This attitude that "Everyone was great and hard working in the past, but now everyone's superficial" is common enough.


How'd that Roman Empire turn out for them, once they got their bread and circuses?

When claiming that this "fall of civilisation" talk is always around, I'm not sure drawing comparisons to the era leading to the fall of Rome is really bolstering your case. Quite the opposite.


For one thing, Juvenal was several centuries before the fall of Rome. The sack of Rome by the Goths was in 476. Second, this kind of rhetoric is more or less ubiquitous, just like the "the youth of today don't respect their elders" line.


Minor historical correction: The Goths sacked Rome in 410. 476 marks the date that Odoacer deposed the emperor Romulus Augustulus and didn't claim the throne or try to prop up a different emperor.


How'd that Roman Empire turn out for them, once they got their bread and circuses?

Pretty good. They were the major military power for a few hundred more years, and they had a massive influence on the language, cultural and law of the area for ~2,000 years.


Good post and good observations, I am old enough to remember some of the shift. Things where a lot different when I was young, while they where already in motion there has definitely been a shift.

The old values like integrity, honesty, empathy, conscientiouness and authenticity have been tossed aside.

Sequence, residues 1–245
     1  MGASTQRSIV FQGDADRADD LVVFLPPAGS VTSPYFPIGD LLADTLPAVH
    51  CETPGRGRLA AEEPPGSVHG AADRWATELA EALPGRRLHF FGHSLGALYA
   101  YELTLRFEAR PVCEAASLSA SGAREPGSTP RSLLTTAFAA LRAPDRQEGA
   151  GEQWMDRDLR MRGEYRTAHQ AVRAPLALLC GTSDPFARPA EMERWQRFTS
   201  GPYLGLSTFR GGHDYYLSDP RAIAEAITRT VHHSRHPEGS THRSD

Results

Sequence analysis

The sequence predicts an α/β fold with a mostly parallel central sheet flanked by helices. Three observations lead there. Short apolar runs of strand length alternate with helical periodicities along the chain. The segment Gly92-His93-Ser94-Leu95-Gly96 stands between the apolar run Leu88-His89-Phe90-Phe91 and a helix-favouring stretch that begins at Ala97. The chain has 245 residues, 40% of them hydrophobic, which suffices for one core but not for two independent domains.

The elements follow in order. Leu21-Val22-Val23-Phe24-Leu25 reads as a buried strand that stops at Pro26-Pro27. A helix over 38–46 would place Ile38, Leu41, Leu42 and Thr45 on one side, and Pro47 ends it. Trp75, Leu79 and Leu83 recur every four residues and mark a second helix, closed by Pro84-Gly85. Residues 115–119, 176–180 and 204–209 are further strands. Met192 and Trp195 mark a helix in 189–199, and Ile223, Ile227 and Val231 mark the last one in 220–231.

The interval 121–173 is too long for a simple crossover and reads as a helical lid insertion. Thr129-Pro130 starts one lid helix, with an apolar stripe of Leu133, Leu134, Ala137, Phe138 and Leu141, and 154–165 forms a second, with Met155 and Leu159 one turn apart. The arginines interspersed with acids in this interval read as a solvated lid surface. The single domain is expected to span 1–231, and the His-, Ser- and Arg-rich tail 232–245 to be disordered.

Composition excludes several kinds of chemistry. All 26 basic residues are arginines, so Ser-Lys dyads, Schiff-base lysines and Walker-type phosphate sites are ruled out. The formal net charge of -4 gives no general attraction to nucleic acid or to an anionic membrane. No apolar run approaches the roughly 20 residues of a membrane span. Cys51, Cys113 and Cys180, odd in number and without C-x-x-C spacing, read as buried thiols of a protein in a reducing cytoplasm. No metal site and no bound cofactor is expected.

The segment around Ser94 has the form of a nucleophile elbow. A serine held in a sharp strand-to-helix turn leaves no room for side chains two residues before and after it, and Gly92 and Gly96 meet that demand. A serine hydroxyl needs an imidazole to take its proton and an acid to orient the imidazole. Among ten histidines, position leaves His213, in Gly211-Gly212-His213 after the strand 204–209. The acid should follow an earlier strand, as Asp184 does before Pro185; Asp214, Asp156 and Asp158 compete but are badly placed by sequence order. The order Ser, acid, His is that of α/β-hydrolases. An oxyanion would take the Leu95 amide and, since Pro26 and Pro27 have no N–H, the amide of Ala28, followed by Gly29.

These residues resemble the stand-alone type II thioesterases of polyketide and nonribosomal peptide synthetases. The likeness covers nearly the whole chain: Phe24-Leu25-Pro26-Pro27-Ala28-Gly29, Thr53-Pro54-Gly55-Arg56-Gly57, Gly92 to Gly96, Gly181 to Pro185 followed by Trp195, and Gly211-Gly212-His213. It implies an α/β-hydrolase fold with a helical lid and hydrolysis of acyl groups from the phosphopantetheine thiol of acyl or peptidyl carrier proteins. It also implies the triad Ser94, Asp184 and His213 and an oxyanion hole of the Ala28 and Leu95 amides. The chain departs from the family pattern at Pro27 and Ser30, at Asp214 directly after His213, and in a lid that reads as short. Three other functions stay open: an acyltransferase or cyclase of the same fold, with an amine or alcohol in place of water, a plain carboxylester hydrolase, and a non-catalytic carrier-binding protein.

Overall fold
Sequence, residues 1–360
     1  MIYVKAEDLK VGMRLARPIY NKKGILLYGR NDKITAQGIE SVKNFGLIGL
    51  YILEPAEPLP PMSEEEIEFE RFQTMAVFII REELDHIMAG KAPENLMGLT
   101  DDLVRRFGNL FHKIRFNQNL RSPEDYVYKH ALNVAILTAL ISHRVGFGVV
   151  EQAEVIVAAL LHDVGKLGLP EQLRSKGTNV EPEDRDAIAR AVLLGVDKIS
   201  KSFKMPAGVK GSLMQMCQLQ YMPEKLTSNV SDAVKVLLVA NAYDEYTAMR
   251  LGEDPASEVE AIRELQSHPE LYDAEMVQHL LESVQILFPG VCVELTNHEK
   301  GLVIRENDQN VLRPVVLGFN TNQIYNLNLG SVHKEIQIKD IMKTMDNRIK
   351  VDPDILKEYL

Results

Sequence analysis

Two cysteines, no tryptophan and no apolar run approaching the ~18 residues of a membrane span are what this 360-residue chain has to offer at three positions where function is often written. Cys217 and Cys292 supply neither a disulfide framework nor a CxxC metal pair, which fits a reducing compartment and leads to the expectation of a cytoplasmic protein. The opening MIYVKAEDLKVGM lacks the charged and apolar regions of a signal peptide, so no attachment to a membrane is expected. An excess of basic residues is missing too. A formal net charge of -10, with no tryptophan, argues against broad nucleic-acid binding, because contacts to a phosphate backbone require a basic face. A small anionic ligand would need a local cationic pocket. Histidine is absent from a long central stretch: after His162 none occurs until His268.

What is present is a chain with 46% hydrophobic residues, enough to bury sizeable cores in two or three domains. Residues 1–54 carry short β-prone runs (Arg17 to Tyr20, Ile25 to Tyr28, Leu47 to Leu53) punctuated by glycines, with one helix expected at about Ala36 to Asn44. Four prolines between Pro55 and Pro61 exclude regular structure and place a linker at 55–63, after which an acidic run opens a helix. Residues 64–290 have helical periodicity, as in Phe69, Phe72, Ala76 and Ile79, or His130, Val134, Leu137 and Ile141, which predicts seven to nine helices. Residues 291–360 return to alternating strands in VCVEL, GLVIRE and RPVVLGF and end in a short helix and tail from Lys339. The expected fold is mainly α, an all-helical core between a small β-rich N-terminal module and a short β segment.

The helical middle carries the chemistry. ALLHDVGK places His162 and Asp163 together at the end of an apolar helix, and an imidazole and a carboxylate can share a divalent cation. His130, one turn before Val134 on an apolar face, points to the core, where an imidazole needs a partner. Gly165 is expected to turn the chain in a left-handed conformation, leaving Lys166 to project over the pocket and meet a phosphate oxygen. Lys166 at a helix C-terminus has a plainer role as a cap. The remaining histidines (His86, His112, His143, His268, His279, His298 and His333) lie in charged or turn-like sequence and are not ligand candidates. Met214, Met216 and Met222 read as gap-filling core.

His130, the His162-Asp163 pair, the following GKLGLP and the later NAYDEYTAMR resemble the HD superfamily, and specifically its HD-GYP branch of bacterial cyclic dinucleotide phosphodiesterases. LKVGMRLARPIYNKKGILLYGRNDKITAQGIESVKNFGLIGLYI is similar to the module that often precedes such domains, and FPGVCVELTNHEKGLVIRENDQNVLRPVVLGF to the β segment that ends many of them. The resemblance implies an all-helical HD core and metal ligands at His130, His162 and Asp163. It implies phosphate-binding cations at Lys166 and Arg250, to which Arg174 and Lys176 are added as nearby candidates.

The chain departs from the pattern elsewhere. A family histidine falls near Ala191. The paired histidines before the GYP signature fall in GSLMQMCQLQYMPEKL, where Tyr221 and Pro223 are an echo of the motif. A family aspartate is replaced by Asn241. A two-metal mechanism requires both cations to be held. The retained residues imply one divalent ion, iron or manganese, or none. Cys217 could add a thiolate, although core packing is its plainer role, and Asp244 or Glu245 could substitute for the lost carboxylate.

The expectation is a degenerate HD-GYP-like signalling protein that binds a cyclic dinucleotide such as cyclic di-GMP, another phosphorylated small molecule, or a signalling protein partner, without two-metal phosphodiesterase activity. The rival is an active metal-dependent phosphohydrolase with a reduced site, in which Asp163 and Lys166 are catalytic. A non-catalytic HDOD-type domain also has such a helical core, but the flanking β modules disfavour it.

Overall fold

This is very true, a person used to be respected for these values, while there have always been crooks and creeps the majority of the populous held people with these virtues with regard. Now they are seen as antiquated, old fashion and Victorian. It now seems that they have been replaced with rude for rude's sake and controversial for controversy's sake. Further much of the information is devoid of any value, the subject of this post can be held out as an example a bunch of reporters running around writing opinionated gossip. Sadly this cultural shift seems to be going global, and I don't understand the basic human desire for it to, it is not like western culture is happier if anything we are becoming a more and more miserable lot. Why someone would want to model it without improving on it is beyond me.


> Western culture has undergone a value shift.

Citation needed. I agree with the rest of your cultural critique, but I doubt very much that it's ever not been like that.

It often seems we humans make progress in spite of ourselves.


Posting an article about articles about people gossipping about gossip doesn't help.


I'm more annoyed with the constant barrage of either Facebook, Apple, or Google getting in trouble because of privacy each week. Even when there is really no story at all (conceptual Google Glasses? Privacy! Instagram being bought, despite no TOS changes? Privacy!).


  > Instagram being bought, despite no TOS changes?
  > Privacy!
To be fair, this means that all of the Instagram data becomes a part of Facebooks 'profile' on you. I'm willing to accept a looser TOS when my data is silo'd into many different places that aren't necessarily talking to each other. When all my data becomes consolidated into the same place, I want more strict reins over what happens to it. Much in the same way the rules change for businesses that find themselves in monopoly positions.


Add to the "Privacy!" nonsense the "Google is now EVIL" canard that pops up at the same time.


I hate to break it to you; but outside the "Valley Bubble", no one cares. Really.


I'm not sure if I'm adding any value here, but this was the first article linked from HN's front page that have read for a while and which I did not understand what it was about. I have done some research, and I think I understand now.